Intel boards a faster bus

Intel is releasing a faster version of its powerful but expensive Pentium 4 Extreme Edition processor alongside the introduction of a chipset that uses a faster front-side bus to connect the processor and the memory.

As expected, the introduction of the 3.46GHz Pentium 4 Extreme Edition and the Intel 925XE chipset results in the most powerful desktop PC engine Intel has to offer. It also sets the stage for similar processors that are expected over the coming year.

The Pentium 4 Extreme Edition is basically the same as the Pentium 4 desktop processor, but it features 2MB of Level 3 cache compared to the 1MB of Level 2 cache on the Pentium 4. Cache memory is used to store frequently accessed data close to the processor, where it can be accessed more quickly than data stored in the main memory, improving performance.

Intel has decided to stop relying on increases in clock speed to improve processor performance and instead to use increased amounts of cache and multi-core designs to create more powerful chips. The company recently cancelled plans to release a 4GHz version of its Pentium 4 processor in the first quarter of next year, and said it would increase the cache of Pentium 4 processors to 2MB to improve performance and then release dual-core processors, expected by the end of 2005.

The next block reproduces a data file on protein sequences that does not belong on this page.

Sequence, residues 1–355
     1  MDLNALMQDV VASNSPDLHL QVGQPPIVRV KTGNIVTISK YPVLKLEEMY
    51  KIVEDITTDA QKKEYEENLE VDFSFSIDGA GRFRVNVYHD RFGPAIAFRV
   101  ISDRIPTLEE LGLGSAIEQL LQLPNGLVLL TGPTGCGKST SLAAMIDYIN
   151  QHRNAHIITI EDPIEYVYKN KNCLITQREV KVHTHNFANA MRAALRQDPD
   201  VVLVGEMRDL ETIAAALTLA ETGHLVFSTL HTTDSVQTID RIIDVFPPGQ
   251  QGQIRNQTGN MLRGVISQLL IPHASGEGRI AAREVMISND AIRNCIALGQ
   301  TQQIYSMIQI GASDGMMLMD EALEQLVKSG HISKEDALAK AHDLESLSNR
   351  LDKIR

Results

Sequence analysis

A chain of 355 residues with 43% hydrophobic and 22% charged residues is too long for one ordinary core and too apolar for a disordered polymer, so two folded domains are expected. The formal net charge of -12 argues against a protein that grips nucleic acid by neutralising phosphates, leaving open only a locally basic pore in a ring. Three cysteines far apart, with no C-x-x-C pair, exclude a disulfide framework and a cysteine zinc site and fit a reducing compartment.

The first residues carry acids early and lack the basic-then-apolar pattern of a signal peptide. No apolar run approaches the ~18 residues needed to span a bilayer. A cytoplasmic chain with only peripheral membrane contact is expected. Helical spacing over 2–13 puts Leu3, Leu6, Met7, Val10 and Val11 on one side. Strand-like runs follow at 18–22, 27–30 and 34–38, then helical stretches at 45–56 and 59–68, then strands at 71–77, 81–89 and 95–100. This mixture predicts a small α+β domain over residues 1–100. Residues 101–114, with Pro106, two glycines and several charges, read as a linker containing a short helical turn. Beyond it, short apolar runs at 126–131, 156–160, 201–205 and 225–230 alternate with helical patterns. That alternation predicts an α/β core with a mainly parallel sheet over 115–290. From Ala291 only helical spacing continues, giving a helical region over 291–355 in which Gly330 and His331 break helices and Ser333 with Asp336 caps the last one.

System performance will also improve with the new 1066MHz front-side bus on the 925XE chipset. Previously, Intel's fastest front-side bus topped out at 800MHz, but the introduction of the faster bus means Intel has a faster link between the processor and the memory.

The Pentium 4 Extreme Edition is extremely expensive. The new 3.46GHz processor costs $US999 in 1000-unit quantities, compared to $US417 for the most powerful Pentium 4 processor in Intel's line-up. For that reason, the chip is generally marketed to gamers and PC enthusiasts who are willing to pay extra for the highest available level of performance, and it is not available as widely as the Pentium 4.

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Tom Krazit

IDG News Service
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